For some consumers, surveys breed feedback fatigue
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As inboxes fill with requests to appraise holiday purchases and trips, it's prime time for feedback fatigue.
With emailed appeals for comments on commonplace transactions and customer-service calls that beget requests to take a survey, consumers are being pinged for opinions at a rate that has gotten some publicly grousing about a surfeit of surveys.
One such lament spawned dozens of responses on a frequent fliers forum last year. Some Gmail users complained about recurring bids to react to a change in the email service's look this fall, prompting owner Google to curtail the requests. Comedian Bill Maher dinged the feedback frenzy in a video for The Huffington Post in 2010, telling a nameless company, "I was actually pretty happy with your customer service, up to the point where you asked me to take a survey about your customer service."
Surely, it's nice to be courted for input, at least sometimes. But some consumers say they're fed up with giving time-consuming feedback for free, don't like being drawn into a data web used to evaluate employees or feel companies don't act on the advice they get. Others say they simply don't have anything revelatory to impart about, say, ordering a shirt or buying a package of pens.
"I resent the assumption that I'm interested in helping this company beyond making a purchase. Giving them your money is enough," says Travis Van, 34. He blogged about the issue in June on the website of ITDatabase, a San Francisco-based service he founded for technology companies seeking media contacts.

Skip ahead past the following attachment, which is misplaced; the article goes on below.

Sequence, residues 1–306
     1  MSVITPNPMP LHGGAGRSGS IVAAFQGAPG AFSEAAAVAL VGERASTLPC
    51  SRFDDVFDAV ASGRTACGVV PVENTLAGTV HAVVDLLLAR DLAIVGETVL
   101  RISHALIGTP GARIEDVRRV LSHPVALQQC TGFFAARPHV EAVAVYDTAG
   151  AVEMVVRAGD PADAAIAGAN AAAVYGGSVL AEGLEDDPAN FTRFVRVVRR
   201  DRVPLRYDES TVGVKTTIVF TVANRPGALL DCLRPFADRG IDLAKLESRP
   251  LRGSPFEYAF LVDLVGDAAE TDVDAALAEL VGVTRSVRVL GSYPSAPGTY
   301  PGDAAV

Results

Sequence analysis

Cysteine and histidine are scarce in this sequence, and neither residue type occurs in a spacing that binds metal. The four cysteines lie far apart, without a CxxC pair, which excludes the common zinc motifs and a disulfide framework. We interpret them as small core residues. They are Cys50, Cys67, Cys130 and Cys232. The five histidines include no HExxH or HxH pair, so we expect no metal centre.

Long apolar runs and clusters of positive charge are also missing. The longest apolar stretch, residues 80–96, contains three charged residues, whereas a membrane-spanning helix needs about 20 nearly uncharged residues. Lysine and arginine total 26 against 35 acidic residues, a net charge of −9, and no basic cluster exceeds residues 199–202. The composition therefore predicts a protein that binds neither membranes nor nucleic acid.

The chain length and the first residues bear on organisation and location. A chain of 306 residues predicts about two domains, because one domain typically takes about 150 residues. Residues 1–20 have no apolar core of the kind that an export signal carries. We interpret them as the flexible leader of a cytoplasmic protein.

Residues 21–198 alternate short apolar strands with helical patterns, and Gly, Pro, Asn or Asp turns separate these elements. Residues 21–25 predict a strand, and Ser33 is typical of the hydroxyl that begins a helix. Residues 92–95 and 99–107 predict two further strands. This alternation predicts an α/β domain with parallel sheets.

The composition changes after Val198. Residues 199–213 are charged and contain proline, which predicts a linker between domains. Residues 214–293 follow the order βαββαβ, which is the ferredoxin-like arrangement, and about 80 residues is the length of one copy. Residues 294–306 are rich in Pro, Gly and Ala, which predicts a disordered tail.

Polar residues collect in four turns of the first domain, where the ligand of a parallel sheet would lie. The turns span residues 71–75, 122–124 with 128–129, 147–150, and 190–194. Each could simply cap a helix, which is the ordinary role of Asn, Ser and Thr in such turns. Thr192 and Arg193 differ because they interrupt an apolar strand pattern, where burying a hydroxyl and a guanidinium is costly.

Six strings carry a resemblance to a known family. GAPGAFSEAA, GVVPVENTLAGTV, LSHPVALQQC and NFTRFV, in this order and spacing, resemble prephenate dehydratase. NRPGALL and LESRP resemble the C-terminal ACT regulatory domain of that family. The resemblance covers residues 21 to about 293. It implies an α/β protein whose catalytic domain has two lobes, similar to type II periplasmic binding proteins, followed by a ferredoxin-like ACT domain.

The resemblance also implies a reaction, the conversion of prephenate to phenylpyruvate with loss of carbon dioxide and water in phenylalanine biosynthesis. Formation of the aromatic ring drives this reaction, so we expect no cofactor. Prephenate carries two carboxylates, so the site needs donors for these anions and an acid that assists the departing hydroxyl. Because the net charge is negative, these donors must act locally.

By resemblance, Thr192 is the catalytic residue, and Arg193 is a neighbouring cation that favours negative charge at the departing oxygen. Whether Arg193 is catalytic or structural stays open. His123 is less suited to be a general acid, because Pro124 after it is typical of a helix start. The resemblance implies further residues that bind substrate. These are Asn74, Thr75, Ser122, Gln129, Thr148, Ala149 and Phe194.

While market-research polls have been conducted for decades, customer-satisfaction surveys have proliferated in recent years because of technology, a growing emphasis on getting data to shape decisions and measure results, and a drive to hold onto customers in a difficult economy, experts say.
"People care much more about what the customers think today," said Brian Koma, vice president of research at Vovici, a Herndon, Va.-based firm that conducts surveys and helps businesses integrate the results with views customers express online, in phone calls and elsewhere. It's owned by Melville, N.Y.-based Verint Systems Inc.
There's no scientific measure of the number of customer-feedback requests, but questionnaires have percolated into such professional settings as law firms and doctor's offices and become de rigeur for even everyday purchases.
"I can't remember the last time I bought a fast-food hamburger or a sandwich without seeing a request for a survey on the receipt," said Valerie Salven, 57, a semi-retired lawyer in Lexington, Ky. "I don't always have that much to say about a purchase."
Julie Pfeffer has sworn off phone surveys and most online ones. She finds most so vague that it's "impossible to see how they could ever be of any use," and she questions whether companies are even listening. Pfeffer, 44, who works in money management and lives in Hockessin, Del., recalls trying vainly to provide specific comments to a car-rental company survey-taker who wouldn't veer from a "totally satisfied, somewhat satisfied, not satisfied"-style script.